R&B Rhythm & Business: The Political Economy of Black Music
Edited By Norman Kelley (Akashic Books, 323 pages, $15.95)
While there are numerous black music histories out there, few deal with the political and economic implications of how the music industry treats black talent. Norman Kelley, in this collection of essays by a variety of writers, aims to shed light on the topic and help readers and music lovers see the economic sins committed against black artists. Although some of the book's contributors adopt a softer tone, Kelley's work particularly combines an astute academic quality with a 60s-style radical fervor. Featuring a dialogue among rappers such as Lord Finesse and Mr. Dave, as well as Rap Coalition founder Wendy Day, "How Not to Get Jerked!: The Hip-Hop Elementary Roundtable" especially serves Kelley's mission. This essay is basically a how-to piece, a must-read for any musician aspiring to work in the urban genre. Kelley put this book together as both a statement and guide for black musicians. While at times his manifesto seems too forced, the resources the text provides are unmatched and incredibly useful.
Can't Stop Won't Stop: A History of the Hip-Hop Generation
By Jeff Chang (St. Martin's Press, 546 pages, $27.95)
Modern historians' rush to cover the hip-hop movement and its roots has accelerated lately, with the genre reaching its 30th anniversary. By tackling such a hot subject, music critic Jeff Chang had his work cut out for him. One thing that elevates Chang above the competition is that his history is by far one of the most comprehensive to date. From the streets of the South Bronx to the slums of Jamaica, Chang explores every root he can unearth and displays an amazing knowledge of artists, their influences and smaller movements within hip-hop history. Detractors may fuss over Chang's tendency to write in a dry, academic style. Perhaps this is the concession one makes when covering popular subjects in an intellectual way. Despite the textbook vibe, Chang has assembled a massive amount of history, and I wouldn't be surprised to see this book used in university classrooms.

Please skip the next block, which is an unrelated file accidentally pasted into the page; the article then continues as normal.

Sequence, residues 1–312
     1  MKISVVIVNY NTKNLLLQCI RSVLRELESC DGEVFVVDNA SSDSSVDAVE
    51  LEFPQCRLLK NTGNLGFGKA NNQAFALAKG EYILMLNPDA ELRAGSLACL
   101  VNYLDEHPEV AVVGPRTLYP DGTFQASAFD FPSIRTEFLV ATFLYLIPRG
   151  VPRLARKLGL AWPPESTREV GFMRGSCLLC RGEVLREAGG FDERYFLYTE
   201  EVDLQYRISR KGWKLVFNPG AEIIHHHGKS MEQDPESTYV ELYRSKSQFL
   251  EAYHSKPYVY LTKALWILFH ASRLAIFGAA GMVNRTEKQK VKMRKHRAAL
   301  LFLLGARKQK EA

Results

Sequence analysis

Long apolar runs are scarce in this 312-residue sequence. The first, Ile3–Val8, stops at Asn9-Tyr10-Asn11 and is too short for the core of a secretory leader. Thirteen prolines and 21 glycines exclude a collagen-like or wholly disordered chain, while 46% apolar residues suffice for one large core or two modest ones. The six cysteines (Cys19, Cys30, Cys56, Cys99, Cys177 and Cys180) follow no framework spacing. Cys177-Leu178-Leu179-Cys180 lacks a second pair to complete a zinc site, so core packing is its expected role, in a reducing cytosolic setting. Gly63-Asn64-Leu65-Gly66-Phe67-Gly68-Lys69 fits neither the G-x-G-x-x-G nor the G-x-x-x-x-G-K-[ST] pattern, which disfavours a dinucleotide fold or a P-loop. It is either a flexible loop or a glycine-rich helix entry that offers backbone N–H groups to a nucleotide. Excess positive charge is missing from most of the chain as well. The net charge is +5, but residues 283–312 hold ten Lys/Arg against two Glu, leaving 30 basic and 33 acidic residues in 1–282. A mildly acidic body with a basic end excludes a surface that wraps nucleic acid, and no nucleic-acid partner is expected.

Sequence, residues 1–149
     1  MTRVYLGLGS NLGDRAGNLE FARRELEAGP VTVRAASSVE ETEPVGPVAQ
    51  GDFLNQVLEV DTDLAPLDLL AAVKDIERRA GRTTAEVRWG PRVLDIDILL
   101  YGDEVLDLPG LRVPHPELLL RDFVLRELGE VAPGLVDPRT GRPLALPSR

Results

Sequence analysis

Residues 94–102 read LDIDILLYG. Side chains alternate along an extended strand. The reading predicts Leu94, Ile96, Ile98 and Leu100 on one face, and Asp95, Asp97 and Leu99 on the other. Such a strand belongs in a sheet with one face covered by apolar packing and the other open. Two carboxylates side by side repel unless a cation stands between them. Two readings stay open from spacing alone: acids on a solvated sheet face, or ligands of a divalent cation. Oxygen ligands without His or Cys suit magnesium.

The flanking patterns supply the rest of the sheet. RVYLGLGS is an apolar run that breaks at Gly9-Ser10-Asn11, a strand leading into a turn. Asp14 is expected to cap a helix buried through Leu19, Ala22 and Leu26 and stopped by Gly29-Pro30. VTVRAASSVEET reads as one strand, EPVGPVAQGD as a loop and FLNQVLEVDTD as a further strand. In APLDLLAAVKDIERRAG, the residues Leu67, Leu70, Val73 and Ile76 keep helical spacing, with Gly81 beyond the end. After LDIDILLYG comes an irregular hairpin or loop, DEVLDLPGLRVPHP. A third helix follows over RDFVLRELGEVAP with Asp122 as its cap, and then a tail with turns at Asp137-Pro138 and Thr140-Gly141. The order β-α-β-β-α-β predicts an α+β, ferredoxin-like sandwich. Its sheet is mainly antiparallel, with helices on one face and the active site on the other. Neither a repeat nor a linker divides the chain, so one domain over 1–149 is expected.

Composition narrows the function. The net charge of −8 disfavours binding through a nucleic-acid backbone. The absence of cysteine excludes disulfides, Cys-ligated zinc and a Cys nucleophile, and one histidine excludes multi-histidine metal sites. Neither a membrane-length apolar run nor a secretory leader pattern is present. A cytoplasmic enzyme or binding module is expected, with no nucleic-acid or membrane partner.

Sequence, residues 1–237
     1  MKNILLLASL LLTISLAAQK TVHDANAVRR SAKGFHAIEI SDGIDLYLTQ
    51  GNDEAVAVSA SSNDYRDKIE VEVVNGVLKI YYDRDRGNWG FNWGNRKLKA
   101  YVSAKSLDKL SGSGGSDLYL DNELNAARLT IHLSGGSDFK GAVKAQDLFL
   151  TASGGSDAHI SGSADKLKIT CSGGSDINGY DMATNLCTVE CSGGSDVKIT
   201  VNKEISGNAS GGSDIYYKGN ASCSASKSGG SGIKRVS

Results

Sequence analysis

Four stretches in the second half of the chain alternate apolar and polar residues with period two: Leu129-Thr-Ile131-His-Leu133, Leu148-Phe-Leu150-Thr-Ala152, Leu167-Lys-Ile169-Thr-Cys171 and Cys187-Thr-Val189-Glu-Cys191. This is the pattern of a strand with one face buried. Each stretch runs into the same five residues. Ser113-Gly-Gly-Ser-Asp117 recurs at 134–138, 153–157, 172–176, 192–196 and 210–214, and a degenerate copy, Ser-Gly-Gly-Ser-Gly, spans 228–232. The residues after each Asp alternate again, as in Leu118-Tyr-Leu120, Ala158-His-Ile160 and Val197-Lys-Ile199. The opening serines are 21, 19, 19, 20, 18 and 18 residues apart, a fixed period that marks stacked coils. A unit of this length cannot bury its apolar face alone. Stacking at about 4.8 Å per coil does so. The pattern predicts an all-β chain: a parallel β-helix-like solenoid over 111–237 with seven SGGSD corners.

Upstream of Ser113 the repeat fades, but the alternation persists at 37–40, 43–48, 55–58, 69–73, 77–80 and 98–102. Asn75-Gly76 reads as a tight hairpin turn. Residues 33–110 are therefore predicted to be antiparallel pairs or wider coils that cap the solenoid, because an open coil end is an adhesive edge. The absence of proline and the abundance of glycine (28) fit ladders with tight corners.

Hold My Gold: A White Girl's Guide to the Hip-Hop World
By Albertina Rizzo and Amanda McCall (Simon & Schuster, 213 pages, $12.00)
Phony columns, tacky quizzes, false exercises -- everything here is laced with an ironic humor that gets old within the first 20 pages. It seems as though Rizzo and McCall sought to "clown" the hip-hop world, and while it coaxed a few laughs at first, I ultimately found myself questioning the gray lines the authors cross. I'm not saying they are intentionally racist, just that some of the humor here is stereotypical enough that it bordered on modern-day minstrelsy. How many jokes can you make about rims and Cristal before your shtick plays itself out? This team of white girls certainly make enough missteps in Hold My Gold to cross the line into bad humor.
The Rough Guide to Heavy Metal
By Essi Berelian (Rough Guides Ltd, 416 pages, $24.99)
Pop music is so intertwined and complicated today, unless you're a music geek, you need a reference book to keep track of your favorite genre. The Rough Guide to Heavy Metal is exactly that. Containing an A-to-Z index of metal bands, history and facts, the guide is like a VH1 special with less lame humor. You get the basics on the bands, with albums listed to provide a convenient buying, downloading and listening guide. Everything is written geared toward beginners, so hardcore metal fans would find the book lacking insight. However, all readers will be able to settle doubts about the actual title of the Scorpions' first album for a Rock Jeopardy round. If you're wondering whether it's Action or Lonesome Crow, both are right. Happy headbanging.